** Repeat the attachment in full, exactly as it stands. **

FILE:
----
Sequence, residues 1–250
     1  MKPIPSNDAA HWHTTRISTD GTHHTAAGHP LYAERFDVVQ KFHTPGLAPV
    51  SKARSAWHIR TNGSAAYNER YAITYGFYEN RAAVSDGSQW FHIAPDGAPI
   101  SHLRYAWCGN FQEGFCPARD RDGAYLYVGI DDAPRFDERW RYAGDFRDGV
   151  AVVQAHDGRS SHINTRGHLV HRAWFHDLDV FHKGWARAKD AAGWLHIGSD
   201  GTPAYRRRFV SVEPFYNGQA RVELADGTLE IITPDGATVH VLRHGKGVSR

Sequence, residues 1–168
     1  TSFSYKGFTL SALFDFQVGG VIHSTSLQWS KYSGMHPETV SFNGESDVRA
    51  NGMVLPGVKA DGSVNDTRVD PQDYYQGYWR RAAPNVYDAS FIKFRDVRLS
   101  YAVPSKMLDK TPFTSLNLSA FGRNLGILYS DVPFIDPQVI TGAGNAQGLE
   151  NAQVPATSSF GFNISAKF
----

Sequence, residues 1–250
     1  MKPIPSNDAA HWHTTRISTD GTHHTAAGHP LYAERFDVVQ KFHTPGLAPV
    51  SKARSAWHIR TNGSAAYNER YAITYGFYEN RAAVSDGSQW FHIAPDGAPI
   101  SHLRYAWCGN FQEGFCPARD RDGAYLYVGI DDAPRFDERW RYAGDFRDGV
   151  AVVQAHDGRS SHINTRGHLV HRAWFHDLDV FHKGWARAKD AAGWLHIGSD
   201  GTPAYRRRFV SVEPFYNGQA RVELADGTLE IITPDGATVH VLRHGKGVSR

Sequence, residues 1–168
     1  TSFSYKGFTL SALFDFQVGG VIHSTSLQWS KYSGMHPETV SFNGESDVRA
    51  NGMVLPGVKA DGSVNDTRVD PQDYYQGYWR RAAPNVYDAS FIKFRDVRLS
   101  YAVPSKMLDK TPFTSLNLSA FGRNLGILYS DVPFIDPQVI TGAGNAQGLE
   151  NAQVPATSSF GFNISAKF